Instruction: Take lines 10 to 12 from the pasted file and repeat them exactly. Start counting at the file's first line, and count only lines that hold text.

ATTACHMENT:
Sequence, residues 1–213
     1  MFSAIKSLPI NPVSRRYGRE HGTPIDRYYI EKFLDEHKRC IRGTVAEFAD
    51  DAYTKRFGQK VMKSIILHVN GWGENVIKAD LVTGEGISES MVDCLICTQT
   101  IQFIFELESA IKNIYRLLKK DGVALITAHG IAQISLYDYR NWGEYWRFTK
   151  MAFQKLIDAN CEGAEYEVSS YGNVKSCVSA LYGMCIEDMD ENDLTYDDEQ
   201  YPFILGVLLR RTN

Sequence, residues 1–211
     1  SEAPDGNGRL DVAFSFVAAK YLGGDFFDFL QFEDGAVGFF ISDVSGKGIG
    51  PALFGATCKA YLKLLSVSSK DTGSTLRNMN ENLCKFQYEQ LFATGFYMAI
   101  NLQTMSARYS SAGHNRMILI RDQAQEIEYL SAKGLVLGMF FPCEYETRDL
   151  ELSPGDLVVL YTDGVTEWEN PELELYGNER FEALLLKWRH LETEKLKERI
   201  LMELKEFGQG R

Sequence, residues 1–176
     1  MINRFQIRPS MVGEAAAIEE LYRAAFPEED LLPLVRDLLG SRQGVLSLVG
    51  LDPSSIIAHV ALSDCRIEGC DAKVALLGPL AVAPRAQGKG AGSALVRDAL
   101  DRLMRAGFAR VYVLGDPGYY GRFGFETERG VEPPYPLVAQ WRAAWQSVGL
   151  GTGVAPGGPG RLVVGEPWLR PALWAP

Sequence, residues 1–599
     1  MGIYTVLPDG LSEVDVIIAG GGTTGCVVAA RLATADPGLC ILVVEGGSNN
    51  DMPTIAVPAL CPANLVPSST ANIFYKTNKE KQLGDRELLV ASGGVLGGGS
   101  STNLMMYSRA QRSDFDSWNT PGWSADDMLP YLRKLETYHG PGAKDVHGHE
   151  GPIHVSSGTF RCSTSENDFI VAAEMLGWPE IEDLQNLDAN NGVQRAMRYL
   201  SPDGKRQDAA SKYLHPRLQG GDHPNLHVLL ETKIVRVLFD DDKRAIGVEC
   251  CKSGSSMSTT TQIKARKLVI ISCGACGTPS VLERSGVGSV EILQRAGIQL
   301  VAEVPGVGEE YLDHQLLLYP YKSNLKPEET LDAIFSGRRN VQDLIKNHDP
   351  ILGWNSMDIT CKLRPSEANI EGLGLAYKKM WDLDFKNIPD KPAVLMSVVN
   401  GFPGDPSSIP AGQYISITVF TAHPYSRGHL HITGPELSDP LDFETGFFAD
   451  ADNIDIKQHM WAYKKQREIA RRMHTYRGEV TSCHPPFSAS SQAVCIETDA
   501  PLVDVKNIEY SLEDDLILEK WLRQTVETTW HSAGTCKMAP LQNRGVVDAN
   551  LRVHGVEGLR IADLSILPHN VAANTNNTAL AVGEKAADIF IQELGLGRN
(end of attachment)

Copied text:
   101  NLQTMSARYS SAGHNRMILI RDQAQEIEYL SAKGLVLGMF FPCEYETRDL
   151  ELSPGDLVVL YTDGVTEWEN PELELYGNER FEALLLKWRH LETEKLKERI
   201  LMELKEFGQG R